- Movie: In the Name of the King: A Dungeon Siege Tale
- Directors: Uwe Boll
- Starring: Jason Statham, Leelee Sobieski, Ron Perlman, John Rhys-Davies, Kristanna Loken, Matthew Lillard, Ray Liotta, Burt Reynolds
- Rotten Tomatoes rating: 4%
A Little Context
I know it might seem a little unfair going after an Uwe Boll film, but at the same time, he is so synonymous with bad movies that I couldn’t just not pick one at some point. For those who may not know, Uwe Boll is a director/writer/producer of many bad movies including BloodRayne, Alone in the Dark, and Postal. While his entire filmography isn’t all video game adaptations, one of his commonly implemented strategies is buying the film rights to video games no one really cares about, then spending $10-25 million on the movie. The sad part is that while not all of his movies are profitable, his strategy is successful enough that he is able to keep doing it. Enter In the Name of the King: A Dungeon Siege Tale.
As you probably guessed from “a Dungeon Siege tale” this movie is based on the Dungeon Siege video game series, though the ties are few–both the movie and the game take place in the Kingdom of Ehb, both stories open with a humble farmer, and they both contain dungeons at some point. Regardless, this was to be Uwe Boll’s first real epic. Instead of his usual budget range, the budget here was $60 million and it would be the beginning of an epic trilogy you could put beside The Lord of the Rings. As you can imagine, that didn’t quite work out.
There are several reasons why In the Name of the King did not live up to expectations, and certainly did not end up on par with The Lord of the Rings. Let’s start with the story. If you can get to the end of this movie and figure out exactly what is going on, you are a much smarter person than I am. There appears to be some kind of political strife here a la Game of Thrones. The only problem is that the motivations don’t totally make sense. Jason Statham’s character is a farmer who they just named Farmer. He has a wife and son and, as you probably guessed, has inexplicable hidden fighting skills which includes being awesome with a boomerang. Ray Liotta is an evil wizard who wants to take over the kingdom from King Burt Reynolds. Liotta’s method is to, for some reason, use both orcs and poison to both overtly and secretly gain control. Spoiler alert for the first 20 minutes, one of the orc raiding parties under the direct control of Ray Liotta, kills Farmer’s son. Coincidentally giving motivation to the one person capable of defeating Liotta.
Weirdly enough, there is something significant about Farmer, and therefore his son, but Liotta would not have known about it at the time when he signaled out Farmer’s son. It’s like the significance of the character is known to the writer, but the writer then forgot to add that motivation to the villain character. In the movie Farmer’s son is targeted seemingly at random… just because. I guess.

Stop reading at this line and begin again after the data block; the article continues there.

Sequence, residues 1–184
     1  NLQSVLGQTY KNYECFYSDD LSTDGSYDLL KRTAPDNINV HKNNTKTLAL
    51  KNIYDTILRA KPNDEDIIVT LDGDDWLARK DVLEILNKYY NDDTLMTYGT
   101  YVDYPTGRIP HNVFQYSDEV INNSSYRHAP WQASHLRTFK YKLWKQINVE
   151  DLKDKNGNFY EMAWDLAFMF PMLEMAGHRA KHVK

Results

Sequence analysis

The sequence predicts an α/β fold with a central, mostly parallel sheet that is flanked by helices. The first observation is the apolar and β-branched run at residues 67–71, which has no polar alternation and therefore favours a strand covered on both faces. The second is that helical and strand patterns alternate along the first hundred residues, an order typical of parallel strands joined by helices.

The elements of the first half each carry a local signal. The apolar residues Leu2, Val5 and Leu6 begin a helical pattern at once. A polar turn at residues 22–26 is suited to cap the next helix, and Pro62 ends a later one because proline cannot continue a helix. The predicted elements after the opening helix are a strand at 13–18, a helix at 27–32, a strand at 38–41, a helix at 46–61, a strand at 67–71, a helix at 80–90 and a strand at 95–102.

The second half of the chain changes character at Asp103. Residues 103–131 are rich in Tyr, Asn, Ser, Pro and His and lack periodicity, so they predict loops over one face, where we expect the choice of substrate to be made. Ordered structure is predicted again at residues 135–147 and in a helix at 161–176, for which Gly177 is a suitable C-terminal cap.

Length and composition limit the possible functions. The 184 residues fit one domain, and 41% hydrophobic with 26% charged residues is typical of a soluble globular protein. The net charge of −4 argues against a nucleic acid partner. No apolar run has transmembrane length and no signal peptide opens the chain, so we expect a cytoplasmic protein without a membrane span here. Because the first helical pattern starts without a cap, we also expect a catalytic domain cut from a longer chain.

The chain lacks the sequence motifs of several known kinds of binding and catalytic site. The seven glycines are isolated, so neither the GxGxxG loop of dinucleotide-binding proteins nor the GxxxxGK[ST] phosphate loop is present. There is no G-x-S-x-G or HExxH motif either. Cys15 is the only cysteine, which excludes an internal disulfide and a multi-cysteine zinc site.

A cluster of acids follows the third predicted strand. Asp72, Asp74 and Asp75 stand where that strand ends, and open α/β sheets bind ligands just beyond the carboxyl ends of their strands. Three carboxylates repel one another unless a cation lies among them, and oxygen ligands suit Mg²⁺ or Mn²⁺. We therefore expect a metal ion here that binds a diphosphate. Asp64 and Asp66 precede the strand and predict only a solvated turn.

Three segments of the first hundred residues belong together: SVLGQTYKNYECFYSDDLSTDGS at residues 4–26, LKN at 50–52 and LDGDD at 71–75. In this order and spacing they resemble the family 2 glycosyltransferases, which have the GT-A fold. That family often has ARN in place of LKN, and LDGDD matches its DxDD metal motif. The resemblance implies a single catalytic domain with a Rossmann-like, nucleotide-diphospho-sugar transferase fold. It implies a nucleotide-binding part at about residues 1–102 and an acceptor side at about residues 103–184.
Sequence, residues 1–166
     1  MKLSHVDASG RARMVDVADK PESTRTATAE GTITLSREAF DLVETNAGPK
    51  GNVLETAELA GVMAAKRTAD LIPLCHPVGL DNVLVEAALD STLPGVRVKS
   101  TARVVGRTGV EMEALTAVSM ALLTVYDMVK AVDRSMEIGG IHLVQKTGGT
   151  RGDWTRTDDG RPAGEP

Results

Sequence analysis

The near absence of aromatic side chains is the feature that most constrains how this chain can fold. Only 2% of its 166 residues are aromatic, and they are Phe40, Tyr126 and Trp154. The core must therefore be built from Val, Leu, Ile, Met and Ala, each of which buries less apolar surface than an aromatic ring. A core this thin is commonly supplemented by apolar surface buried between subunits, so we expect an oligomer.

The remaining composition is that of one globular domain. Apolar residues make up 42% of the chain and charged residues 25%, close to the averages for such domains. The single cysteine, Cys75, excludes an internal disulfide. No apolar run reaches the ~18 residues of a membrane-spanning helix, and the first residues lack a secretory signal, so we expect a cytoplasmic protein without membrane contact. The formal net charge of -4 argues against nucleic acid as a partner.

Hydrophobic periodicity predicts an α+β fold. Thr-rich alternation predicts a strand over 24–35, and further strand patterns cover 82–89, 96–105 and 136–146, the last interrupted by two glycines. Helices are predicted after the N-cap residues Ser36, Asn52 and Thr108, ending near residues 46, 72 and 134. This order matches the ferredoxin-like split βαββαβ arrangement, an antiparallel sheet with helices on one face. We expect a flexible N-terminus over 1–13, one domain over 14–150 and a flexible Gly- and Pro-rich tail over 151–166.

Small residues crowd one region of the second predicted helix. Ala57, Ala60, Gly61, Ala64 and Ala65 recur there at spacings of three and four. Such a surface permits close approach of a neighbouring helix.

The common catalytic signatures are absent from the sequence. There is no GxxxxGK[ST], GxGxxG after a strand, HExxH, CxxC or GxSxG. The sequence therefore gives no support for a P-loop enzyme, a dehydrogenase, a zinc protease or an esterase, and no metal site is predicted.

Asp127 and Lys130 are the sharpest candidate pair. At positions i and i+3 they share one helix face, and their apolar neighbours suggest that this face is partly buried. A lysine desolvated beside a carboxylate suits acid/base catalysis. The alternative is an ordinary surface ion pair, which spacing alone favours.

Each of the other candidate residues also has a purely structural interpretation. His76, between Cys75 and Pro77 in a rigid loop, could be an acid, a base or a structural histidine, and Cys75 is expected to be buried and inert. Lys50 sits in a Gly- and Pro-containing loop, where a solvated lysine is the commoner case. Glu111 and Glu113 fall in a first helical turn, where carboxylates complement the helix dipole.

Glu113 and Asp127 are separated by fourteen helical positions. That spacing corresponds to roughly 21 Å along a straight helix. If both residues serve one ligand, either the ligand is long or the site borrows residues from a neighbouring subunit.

Another way you can see the failure of the story is during the big battle scene, oddly enough. In The Lord of the Rings you get several big battles and despite their length they all manage to be gripping, particularly in The Two Towers. Not only do you get a lot of action, but you also care about those involved. Things seem desperate. The battles in In the Name of the King, despite being long and full of action, are also pretty boring. One big battle scene in particular, one that is most of the way through the movie, just highlights that up to this point I hadn’t really started to care about anyone. It feels like someone just threw a bunch of action figures together. It’s somehow the dullest, longest battle scene I’ve ever seen.
The casting of this movie is also baffling (but not if you’re familiar with Uwe Boll). It’s clear that there is a lot of “who can we get?” mentality going on here, but you’d think someone would have said “hey, maybe we should just shoot for someone who actually works in the part?” Sorry Burt, I know you can act (Boogie Nights), but you don’t belong in a fantasy film. Same with Ray Liotta, he’s not bad but never seems not out-of-place. Which makes his performance distracting. John Rhys-Davies is really the only person who looks and sounds like they belong in this movie. But seriously, John, you were Gimli, what are you doing here? Everyone else is basically exactly what you’d expect although I want to commend Matthew Lillard for really going all out in his role.
Aside from the all-over-the-place performances, it’s clear that there is no one really paying any attention to consistency. Accents differ from person to person. Some people have weirdly tidy hair. Jason Statham appears to have similar training as The Transporter. All of this contributes to this weird something-is-out-place feeling that you get watching this. You can tell some money was put into the movie, but things sometimes still seem cheap or amateur.
But Can I Drink To It?
Yes. This movie goes on for too long, so prepare to go in excited but you’ll start to find yourself checking the time.
Rules (to get you hammered)
1. Jason Statham gets a kill – DRINK!
2. Whenever something/anything seems weirdly modern for a medieval fantasy film – DRINK for 3 seconds!
3. Whenever you’re confused by how much time or distance has passed – DRINK for 5 seconds!
4. “What the hell does that mean?” – finish your DRINK!
I watched this movie for free on Netflix. You can also find it on Amazon here: In the Name of the King: A Dungeon Siege Tale for $11 on blu ray. No trilogy box set unfortunately.
Post by: Tyler P.
Tyler Phillippi is a former improviser and musician. Now, he mainly focuses on getting through his Netflix queue. Contact him at firstname.lastname@example.org